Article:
The Voice and Ears of America – Cold War Theater Collection

Balázs Leposa

In the bipolar world emerged during the 1950s, the weaponless Cold War, obtaining information (also by the means of spying) and state propaganda gained extraordinary significance. While the US and the USSR had similar objectives (i.e., overcoming the other), their methods were more different. Mobilizing an enormous (and growing) budget, the US established the Radio Free Europe (RFE) to inform the nations of Eastern Bloc countries, firstly, about Western developments, be it political events, popular music, or the free and uncensored world in general, and secondly, about domestic issues not reported by the official press in those countries. RFE, however, not only mediated, but also gathered information; it was the voice of America, and at the same time her ears. For long, the latter mission remained top secret. As for the USSR, such attempts were less central; even if the German-, English-, and French-speaking programs of Radio Moscow, launched in 1929, served as models to the West.

Blinken OSA’s Cold War Theater Collection, now available online, comprises a selection from the Subject Files and Biographical Files RFE compiled on the theater life of Hungary between 1949 and 1993. The credibility of these documents is often questionable, which is a fact that cannot be stressed enough. Balázs Leposa’s post introducing the new collection originally appeared on Forrás. [Source., or Boiling point] in Hungarian. Forrás. is a blog series by the Blinken OSA staff at the Hungarian news website

A cliché in theater history, that unlike literature or fine arts, the history of performance arts and especially that of theater are supposed to be written after products that are not available in retrospect. While literary works have been written down (often the manuscript is at hand), paintings and other subjects of the history of fine arts are preserved at museums and private galleries, a theater performance is unique, unreconstructible, unrecordable. Even if the latest technical innovations do come near to providing an illusion of original theater acts, still, video recordings, multicamera television broadcasts, or futuristic three-dimensional technology alter the viewer’s perspective, the collective notion of experiencing the performance and breathing together, the reality of seeing the actors’ bodies. Anyone seeing the same play several times would agree that successive performances may include fundamental differences. A recent event may charge a scene or a dialog with new, singular meanings, actors can get sick, the setting may collapse. Sitting in the first row, we may hear better, but at the same time be frustrated by actors’ closeness, or distracted by minor details on the stage... I could go on.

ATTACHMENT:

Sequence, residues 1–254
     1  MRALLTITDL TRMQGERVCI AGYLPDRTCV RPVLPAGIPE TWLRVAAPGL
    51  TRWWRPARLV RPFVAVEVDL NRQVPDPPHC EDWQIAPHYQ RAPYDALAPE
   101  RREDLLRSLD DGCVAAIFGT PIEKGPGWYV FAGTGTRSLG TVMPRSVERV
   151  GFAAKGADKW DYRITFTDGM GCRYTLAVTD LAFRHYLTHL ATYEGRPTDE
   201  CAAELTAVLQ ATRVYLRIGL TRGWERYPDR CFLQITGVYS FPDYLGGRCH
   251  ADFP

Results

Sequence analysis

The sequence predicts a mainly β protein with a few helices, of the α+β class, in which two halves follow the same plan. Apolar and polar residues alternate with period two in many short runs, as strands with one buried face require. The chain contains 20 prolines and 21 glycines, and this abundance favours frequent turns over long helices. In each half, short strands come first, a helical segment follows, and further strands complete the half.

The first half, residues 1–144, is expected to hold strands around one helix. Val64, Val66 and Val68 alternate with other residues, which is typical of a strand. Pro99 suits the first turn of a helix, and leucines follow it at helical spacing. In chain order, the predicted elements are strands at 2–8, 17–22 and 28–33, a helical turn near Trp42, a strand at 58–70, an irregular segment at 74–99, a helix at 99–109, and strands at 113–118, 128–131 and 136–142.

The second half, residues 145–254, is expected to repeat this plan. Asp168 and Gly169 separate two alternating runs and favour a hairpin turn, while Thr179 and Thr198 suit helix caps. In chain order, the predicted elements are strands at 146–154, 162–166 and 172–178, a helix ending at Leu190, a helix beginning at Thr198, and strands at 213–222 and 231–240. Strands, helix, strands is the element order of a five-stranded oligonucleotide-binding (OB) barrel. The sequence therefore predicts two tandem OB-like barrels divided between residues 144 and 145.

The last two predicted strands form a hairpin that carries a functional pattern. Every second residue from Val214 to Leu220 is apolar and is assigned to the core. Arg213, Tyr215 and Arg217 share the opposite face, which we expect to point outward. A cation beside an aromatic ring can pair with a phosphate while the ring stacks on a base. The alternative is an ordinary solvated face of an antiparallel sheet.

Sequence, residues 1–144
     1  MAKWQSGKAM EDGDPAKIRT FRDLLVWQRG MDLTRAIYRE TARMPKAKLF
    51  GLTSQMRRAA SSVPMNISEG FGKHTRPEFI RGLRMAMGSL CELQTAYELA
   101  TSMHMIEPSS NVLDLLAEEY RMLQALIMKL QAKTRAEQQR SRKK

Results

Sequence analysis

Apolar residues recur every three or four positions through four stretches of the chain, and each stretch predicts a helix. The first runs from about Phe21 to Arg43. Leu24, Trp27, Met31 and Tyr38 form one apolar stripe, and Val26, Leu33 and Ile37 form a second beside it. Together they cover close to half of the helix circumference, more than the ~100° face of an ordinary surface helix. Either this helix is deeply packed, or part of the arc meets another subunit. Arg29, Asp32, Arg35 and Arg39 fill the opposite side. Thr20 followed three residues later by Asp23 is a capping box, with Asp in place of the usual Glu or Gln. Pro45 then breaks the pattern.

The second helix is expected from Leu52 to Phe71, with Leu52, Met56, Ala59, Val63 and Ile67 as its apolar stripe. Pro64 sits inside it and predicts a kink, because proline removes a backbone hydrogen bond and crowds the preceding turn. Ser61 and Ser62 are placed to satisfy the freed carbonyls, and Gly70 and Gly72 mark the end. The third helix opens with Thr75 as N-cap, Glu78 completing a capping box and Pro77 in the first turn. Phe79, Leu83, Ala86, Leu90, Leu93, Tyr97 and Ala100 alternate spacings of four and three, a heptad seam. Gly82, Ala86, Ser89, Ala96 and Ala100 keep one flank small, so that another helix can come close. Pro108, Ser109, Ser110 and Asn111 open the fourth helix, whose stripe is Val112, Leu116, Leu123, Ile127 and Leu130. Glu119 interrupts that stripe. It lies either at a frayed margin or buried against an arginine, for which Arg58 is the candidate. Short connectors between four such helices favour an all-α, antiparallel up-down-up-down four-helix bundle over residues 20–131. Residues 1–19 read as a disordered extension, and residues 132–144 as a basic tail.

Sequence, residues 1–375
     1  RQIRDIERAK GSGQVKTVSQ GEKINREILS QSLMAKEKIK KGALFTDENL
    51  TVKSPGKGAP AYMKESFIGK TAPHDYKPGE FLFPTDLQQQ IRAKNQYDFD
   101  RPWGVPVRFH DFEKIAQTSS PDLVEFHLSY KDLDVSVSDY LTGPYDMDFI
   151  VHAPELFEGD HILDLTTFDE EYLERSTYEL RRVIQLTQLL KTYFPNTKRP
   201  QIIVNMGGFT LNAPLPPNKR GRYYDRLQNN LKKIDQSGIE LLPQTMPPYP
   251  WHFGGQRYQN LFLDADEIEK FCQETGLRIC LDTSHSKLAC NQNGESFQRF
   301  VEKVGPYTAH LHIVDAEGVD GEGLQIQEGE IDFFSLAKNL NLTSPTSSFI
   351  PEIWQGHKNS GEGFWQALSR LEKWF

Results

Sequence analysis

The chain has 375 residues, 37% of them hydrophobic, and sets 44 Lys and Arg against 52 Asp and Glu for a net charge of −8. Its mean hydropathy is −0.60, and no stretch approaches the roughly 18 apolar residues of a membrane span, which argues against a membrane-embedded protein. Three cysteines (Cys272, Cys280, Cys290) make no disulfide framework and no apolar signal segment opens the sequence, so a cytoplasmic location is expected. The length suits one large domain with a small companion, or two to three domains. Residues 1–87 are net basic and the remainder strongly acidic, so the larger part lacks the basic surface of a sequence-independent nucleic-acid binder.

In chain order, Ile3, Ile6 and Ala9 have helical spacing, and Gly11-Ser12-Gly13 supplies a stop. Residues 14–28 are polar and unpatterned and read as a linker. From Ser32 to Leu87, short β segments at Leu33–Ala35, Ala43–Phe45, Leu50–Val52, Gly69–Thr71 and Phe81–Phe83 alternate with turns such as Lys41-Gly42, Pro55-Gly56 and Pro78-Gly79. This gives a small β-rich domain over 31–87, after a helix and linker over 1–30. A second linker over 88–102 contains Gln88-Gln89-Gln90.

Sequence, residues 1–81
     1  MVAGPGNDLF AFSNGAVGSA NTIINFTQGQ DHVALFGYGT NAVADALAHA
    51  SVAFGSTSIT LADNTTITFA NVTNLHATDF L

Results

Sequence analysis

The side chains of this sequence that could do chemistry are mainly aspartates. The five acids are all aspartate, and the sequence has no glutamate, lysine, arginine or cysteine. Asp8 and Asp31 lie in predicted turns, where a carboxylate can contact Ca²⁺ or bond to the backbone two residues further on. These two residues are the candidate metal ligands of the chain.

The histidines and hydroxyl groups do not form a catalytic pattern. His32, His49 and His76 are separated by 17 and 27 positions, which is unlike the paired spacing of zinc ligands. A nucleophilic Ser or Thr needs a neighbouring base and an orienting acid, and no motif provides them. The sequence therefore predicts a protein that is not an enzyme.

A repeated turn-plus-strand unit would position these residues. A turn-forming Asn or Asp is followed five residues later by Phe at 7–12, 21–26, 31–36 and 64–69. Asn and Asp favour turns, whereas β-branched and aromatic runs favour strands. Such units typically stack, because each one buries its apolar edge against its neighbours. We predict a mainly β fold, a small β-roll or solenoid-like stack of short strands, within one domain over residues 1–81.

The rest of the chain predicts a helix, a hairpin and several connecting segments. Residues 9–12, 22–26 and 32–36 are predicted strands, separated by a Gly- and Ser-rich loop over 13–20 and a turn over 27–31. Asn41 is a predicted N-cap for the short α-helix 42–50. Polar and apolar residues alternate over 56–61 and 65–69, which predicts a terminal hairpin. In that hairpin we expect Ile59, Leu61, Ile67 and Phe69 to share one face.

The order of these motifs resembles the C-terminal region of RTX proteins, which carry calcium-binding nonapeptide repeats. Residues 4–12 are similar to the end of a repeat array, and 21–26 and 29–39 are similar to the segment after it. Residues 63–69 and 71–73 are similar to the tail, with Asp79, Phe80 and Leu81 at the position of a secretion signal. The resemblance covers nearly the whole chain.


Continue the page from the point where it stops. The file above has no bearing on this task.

Therefore, the history of theater, especially the period preceding the emergence of film recording and television coverage during the 1960s, is mostly based on secondary sources and reports, i.e., interpretations. This feature of being indirect and mediated, by its nature, underlines the inadequacy of the terminology of the Cartesian view and historiography; if the theater performance is the objective reality, then the reviews on it are subjective expressions, which leaves us incapable of embracing the objective reality. We were not present; had we, we would not remember correctly; would we, we could not have recognized the essence; could we, the people sitting next to us certainly would have disagreed with it. With that said, facts on performances can be validated, actors’ or stage directors’ biographies can be written, the chronological series of performances can compose the history of a theater. In performance arts, a critical approach to sources, however, is more significant, than in the history writing of any other field. Knowledge on the context becomes more crucial, than the source itself. Now, allowing my theater historian identity to take the stage from the archivist, I’ll present a few examples from the Cold War Theater Collection, and add commentary elaborating the content of the records, also highlighting their factual mistakes.

Information Item on actress Katalin Karády, from the Cold War Theater Collection.
(HU OSA 300-7-1 RFE/RL US Office, Hungarian Subject Files)